A collection that plays for a big audience rather than specific customers at London Fashion Week
As the voice of Alison Moyet, the great romantic singer of the 1980s, filled the transparent Burberry tent, a full, live orchestra played her greatest hit: "Only You”.
But as the show reached its finale, I wondered who “you" is for Christopher Bailey, Burberry’s Chief Creative and Chief Executive Officer.
Is the British designer’s focus the young women and men wearing dark tailored coats, illuminated with the golden buttons and gilded decoration that British officers refer to ironically as "scrambled egg"? I thought this tailoring was perfectly Burberry — and a neat reflection of the ceremonial dress currently displayed in two Royal palaces.
If the dense colours and wintry fabrics seemed an unlikely choice for spring-summer 2016, the dark was offset with lace: as shirts for men (looking a bit forced) and as charming dresses for women. A criss-cross cage of a women’s ankle boot" added some pizazz.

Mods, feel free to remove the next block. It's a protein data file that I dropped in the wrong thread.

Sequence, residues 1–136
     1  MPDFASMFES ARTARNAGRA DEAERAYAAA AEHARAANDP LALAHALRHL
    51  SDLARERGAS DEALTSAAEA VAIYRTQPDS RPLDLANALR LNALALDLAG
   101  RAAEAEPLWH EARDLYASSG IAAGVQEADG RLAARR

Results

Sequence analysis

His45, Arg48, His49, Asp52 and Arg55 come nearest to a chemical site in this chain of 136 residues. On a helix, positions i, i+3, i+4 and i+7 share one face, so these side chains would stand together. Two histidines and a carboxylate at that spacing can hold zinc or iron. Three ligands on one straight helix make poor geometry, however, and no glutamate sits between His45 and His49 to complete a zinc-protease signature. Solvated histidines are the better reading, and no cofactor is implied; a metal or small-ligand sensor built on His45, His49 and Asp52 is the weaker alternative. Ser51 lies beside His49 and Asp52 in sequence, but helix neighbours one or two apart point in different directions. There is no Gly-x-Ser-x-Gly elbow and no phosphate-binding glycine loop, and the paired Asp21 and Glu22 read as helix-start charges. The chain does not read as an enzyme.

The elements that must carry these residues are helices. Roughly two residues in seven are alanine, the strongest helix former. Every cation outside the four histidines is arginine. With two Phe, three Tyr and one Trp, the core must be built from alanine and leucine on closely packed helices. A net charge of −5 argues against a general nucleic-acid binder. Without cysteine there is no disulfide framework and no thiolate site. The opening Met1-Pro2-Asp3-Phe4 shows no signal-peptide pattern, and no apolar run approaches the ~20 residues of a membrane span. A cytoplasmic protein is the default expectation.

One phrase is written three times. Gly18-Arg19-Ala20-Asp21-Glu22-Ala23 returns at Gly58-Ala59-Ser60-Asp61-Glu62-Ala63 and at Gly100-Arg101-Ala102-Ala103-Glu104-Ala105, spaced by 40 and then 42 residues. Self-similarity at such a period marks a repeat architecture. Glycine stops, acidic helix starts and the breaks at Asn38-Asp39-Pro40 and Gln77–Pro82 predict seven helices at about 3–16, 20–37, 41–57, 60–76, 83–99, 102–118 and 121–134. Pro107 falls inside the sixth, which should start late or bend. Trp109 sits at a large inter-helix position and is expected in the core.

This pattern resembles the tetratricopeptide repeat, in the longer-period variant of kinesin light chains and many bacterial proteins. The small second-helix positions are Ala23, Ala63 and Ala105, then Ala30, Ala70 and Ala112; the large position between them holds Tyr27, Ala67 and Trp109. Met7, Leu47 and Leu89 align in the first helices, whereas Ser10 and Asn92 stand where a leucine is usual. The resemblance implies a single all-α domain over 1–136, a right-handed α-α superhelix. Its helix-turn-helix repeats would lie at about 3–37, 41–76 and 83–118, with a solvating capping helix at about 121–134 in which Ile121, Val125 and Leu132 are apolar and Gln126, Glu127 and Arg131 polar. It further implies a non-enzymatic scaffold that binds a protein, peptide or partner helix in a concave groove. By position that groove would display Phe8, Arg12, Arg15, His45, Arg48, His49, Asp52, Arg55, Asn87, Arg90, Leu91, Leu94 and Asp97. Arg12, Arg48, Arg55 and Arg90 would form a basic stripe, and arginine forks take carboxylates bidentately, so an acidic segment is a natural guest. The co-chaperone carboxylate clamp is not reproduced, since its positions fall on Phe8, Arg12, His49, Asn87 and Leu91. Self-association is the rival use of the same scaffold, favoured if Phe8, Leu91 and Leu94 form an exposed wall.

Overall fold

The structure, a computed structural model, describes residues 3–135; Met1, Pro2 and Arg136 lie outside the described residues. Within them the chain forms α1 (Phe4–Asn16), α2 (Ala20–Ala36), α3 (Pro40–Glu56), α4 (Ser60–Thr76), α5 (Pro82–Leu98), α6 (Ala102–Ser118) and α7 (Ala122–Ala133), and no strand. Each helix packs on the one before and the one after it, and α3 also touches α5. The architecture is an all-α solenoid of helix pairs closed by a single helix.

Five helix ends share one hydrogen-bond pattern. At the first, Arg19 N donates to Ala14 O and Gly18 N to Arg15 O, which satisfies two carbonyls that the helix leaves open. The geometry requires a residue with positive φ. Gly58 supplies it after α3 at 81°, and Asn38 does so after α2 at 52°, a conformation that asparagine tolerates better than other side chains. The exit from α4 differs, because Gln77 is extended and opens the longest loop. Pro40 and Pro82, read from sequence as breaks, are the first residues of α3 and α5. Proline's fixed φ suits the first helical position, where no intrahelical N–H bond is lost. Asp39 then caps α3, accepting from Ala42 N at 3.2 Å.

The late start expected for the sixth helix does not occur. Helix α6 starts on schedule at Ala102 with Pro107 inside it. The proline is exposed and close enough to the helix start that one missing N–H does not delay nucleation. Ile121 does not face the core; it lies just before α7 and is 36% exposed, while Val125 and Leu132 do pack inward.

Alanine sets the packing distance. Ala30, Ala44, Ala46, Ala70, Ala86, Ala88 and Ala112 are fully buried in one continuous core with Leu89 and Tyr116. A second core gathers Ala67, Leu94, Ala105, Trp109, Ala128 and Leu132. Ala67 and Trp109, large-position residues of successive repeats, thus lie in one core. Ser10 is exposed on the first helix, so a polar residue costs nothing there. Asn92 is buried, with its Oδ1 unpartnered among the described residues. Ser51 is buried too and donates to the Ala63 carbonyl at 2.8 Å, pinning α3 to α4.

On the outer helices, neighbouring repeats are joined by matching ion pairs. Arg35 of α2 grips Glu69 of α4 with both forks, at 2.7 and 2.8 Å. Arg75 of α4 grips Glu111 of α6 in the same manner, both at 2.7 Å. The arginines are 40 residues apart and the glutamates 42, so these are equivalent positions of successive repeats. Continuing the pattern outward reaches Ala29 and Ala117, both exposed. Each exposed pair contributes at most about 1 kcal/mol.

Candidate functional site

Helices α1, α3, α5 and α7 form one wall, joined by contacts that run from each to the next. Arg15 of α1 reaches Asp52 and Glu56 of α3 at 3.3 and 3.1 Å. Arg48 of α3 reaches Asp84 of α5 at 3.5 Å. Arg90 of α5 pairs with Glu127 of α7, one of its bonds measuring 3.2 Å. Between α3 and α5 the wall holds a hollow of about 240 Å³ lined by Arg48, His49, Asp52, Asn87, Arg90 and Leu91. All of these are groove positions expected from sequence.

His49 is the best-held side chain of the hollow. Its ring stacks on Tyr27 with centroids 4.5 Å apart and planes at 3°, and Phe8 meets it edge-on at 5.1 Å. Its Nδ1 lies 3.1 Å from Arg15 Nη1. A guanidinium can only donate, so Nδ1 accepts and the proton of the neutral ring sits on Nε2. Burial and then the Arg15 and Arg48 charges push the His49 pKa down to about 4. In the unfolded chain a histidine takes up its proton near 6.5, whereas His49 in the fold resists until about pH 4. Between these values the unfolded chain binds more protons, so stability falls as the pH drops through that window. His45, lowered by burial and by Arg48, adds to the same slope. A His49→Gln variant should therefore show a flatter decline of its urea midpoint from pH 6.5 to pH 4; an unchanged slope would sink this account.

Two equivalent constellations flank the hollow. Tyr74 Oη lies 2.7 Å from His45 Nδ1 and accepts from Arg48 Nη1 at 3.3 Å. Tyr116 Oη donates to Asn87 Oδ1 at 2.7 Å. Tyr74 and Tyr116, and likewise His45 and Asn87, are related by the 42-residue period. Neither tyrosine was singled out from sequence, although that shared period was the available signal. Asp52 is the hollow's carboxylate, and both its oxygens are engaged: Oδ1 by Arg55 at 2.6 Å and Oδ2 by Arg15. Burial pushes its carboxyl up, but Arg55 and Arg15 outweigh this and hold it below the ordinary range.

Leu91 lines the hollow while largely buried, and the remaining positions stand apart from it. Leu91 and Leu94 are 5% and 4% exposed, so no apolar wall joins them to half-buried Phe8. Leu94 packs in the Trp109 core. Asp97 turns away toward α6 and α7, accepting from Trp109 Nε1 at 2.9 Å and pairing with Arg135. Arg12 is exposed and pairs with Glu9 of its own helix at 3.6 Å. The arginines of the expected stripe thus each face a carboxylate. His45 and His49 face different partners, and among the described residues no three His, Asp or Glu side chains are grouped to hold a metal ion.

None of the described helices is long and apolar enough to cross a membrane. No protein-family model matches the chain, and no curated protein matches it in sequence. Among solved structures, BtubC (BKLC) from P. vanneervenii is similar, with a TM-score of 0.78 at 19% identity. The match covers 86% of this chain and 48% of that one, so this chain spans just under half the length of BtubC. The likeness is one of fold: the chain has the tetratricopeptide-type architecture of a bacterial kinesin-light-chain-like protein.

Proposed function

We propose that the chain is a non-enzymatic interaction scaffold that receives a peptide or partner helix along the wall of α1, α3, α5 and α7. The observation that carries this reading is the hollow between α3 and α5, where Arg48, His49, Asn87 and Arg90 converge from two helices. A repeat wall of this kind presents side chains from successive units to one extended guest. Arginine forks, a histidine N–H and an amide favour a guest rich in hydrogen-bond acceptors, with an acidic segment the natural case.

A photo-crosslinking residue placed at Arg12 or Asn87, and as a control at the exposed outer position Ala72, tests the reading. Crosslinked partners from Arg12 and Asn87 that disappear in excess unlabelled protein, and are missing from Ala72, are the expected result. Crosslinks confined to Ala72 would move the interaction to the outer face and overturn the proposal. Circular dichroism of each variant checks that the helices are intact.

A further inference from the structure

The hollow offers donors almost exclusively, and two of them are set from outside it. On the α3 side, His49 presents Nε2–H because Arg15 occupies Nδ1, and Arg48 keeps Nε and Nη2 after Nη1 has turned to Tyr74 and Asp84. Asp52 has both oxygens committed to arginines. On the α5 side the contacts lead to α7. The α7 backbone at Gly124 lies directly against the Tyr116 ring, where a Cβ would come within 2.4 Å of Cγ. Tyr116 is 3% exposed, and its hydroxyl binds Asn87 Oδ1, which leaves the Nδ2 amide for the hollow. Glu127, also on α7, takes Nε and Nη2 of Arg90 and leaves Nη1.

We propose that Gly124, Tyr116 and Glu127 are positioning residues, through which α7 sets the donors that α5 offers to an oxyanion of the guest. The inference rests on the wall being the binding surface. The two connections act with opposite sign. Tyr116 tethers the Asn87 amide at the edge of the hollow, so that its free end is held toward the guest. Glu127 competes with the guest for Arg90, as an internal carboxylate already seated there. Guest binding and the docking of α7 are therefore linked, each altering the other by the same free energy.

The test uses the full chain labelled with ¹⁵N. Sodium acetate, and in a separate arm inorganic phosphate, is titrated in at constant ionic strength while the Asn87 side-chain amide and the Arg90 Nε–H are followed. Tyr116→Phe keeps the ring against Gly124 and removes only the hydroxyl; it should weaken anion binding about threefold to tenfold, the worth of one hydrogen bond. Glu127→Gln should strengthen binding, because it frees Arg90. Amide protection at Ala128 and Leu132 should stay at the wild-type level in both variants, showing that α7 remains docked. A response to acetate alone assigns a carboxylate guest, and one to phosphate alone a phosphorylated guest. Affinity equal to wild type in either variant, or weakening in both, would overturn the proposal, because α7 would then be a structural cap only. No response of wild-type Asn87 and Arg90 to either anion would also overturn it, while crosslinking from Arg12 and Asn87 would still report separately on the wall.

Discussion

"People don’t care about seasons — half the world is cold or hot at any given time anyway," Bailey said backstage. He also explained that the gilding came from working on the braiding with a company that did all the ceremonial work for the Queen.
So where did the grungy, 1990s look of elongated satin slip dresses come from? The models walked around the orchestra pit wearing orthopedic-style sandals and were weighed down by backpacks.
Those bags also had a touch of gilt: the initials of each male or female model. Perhaps this is the new, "Only You" personalisation on offer from Burberry?
In a business sense, Bailey may be right about being all things for all potential clients. Burberry has expanded its global reach exponentially under his 14-year tenancy at the helm. I felt he had a good thing going with the ceremonial influences, in a year when Elizabeth II has been in the news for being her country’s longest-serving queen.
The designer told me that, on the runway this season, he mixed the upscale Burberry Prorsum range with the wider-reaching Burberry Brit. It seemed like another way of trying to appeal to everyone at once, without the essence of fashion: focus.